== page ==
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15 Oct Ep. 1-4: Family Unit, Credit Repair, FHA, HUD 203K, & Rehab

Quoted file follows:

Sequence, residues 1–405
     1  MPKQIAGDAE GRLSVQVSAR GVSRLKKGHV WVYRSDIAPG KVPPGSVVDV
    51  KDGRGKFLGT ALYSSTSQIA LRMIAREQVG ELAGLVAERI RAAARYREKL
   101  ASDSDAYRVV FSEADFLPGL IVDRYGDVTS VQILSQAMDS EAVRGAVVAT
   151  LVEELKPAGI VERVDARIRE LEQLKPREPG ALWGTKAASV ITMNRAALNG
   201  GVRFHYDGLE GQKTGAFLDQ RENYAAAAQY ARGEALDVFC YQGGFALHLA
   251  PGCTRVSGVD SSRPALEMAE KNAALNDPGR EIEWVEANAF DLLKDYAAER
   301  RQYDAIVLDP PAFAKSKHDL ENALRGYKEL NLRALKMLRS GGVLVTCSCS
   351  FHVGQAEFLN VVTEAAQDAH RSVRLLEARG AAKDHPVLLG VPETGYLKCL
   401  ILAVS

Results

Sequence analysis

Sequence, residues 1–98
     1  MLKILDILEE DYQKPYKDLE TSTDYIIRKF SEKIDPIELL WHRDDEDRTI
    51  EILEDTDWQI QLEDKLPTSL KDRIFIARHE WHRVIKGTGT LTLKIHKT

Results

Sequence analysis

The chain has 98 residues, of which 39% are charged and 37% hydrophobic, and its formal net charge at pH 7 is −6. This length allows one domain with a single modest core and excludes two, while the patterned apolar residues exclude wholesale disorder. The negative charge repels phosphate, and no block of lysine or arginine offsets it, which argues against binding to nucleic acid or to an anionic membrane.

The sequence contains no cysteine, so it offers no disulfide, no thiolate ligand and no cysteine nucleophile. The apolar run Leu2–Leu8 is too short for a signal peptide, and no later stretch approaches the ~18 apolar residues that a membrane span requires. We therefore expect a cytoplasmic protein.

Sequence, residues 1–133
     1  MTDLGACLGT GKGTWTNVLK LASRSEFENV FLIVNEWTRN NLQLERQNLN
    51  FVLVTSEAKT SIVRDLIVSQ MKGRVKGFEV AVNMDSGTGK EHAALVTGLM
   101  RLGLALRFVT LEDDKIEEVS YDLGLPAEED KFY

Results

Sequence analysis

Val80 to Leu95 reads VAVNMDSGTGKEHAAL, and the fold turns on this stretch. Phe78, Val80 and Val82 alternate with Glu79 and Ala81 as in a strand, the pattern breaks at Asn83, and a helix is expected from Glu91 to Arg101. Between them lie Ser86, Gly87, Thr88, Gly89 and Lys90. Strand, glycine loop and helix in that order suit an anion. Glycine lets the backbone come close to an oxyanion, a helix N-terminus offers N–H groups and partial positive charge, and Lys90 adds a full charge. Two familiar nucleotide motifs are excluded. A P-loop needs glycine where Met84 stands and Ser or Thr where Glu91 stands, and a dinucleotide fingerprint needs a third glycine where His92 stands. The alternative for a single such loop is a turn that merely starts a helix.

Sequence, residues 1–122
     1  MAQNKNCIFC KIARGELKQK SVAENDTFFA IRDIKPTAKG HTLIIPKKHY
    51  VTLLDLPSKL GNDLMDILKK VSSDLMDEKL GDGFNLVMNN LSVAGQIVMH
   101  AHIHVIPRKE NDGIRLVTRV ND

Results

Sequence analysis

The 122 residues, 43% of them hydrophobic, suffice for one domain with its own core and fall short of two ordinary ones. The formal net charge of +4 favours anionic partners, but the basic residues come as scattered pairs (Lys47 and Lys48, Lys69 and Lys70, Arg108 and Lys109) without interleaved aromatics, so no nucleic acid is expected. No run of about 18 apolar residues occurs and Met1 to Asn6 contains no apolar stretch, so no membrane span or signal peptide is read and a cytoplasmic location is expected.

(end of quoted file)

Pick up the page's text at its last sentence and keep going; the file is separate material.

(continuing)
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Segment 1: Billiards tournament & crunching the numbers on a recently purchased 4 family unit Welcome to the podcast today, guys. My name is Adam Kruse and I am going to be your host today. And also with us we are going to have John Charlton from Midwest Mortgage Capital step in here in a little bit. First off for today’s show agenda we are going to have a ouple announcements to start and then we are going to jump into our first topic which is going to be all about a recent four­family I purchased and go through the numbers of that. We’re going to have a story from John Charlton about his crazy deal of the week and then we’re going to have an agent tell us about a real estate deal of the week that is actually available to you if you’re interested in making a real estate purchase at this time. We’ll follow that up with some listener questions and we’re going to wrap it up. So jumping right in to the general announcements, we want to welcome everyone to our first show and we are excited to be sitting here on the rooftop at the Hermann London Group in beautiful downtown Maplewood, Missouri, and we’re looking forward to making this podcast, trying to provide interesting information, and we definitely want to hear from you, so please, please, email PODCAST@HERMANNLONDON.COM. We’re going to be doing this live, bi-monthly, every other week and we’re going to have different listening parties but we also wanted to invite you to get involved with the pool table tournament going on here at our office. I know you are probably wondering why does a real estate office have a pool table tournament, but we just like to get involved with the community. We recently upgraded our pool table and it now has our company Hermann London logo on it and one of our main property managers is a big pool table guy so email TOM@HERMANNLONDON.COM if you would like to get in on our pool table billiards tournament.